THURSDAY, Aug. 2, 2018 (HealthDay News) — Positron emission tomographic (PET) imaging can directly measure synaptic loss with Alzheimer’s disease, according to a small study published online July 16 in JAMA Neurology.
Ming-Kai Chen, M.D., Ph.D., from the Yale University School of Medicine in New Haven, Conn., and colleagues used PET imaging to compare hippocampal synaptic vesicle glycoprotein 2A (SV2A) binding in 10 participants with AD and 11 cognitively normal participants.
The researchers found that participants with Alzheimer’s disease had significant reduction in hippocampal SV2A-specific binding compared with cognitively normal participants (P = 0.005). After correction for atrophy, these reductions remained significant (P = 0.02). There was a correlation between hippocampal SV2A-specific binding potential and a composite episodic memory score in the overall sample (P = 0.01).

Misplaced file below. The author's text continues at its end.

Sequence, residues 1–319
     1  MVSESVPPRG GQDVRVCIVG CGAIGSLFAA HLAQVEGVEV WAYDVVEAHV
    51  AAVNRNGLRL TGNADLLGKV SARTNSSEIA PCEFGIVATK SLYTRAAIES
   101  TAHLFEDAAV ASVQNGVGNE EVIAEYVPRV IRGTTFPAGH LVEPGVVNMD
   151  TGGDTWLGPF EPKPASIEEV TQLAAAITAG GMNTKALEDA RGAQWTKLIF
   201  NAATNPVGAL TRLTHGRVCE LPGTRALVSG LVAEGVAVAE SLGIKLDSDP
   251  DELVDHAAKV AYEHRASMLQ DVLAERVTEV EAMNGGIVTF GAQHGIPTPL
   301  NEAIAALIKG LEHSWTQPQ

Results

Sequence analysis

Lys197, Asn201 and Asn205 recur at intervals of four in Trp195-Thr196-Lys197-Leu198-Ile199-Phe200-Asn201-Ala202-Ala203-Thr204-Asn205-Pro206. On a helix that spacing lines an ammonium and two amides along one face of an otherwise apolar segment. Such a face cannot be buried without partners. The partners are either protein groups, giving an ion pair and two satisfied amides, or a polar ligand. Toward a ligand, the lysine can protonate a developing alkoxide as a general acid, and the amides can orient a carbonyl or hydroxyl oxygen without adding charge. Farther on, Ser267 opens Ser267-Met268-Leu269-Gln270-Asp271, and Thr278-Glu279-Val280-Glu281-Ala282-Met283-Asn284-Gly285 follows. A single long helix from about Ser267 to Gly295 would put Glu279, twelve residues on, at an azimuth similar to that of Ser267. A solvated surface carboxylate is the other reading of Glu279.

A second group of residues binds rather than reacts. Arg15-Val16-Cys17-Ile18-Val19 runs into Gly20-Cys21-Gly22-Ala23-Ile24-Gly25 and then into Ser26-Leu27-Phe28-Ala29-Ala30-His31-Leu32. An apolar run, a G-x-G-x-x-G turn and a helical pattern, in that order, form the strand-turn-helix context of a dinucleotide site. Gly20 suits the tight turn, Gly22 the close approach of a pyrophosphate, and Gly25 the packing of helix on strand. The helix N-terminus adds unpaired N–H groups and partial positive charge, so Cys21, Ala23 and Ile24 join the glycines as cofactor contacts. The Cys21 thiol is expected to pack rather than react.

“This approach may provide a direct measure of synaptic density, and it therefore holds promise as an in vivo biomarker for AD and as an outcome measure for trials of disease-modifying therapies, particularly those targeted at the preservation and restoration of synapses,” the authors write.
Several authors disclosed financial ties to the pharmaceutical industry.
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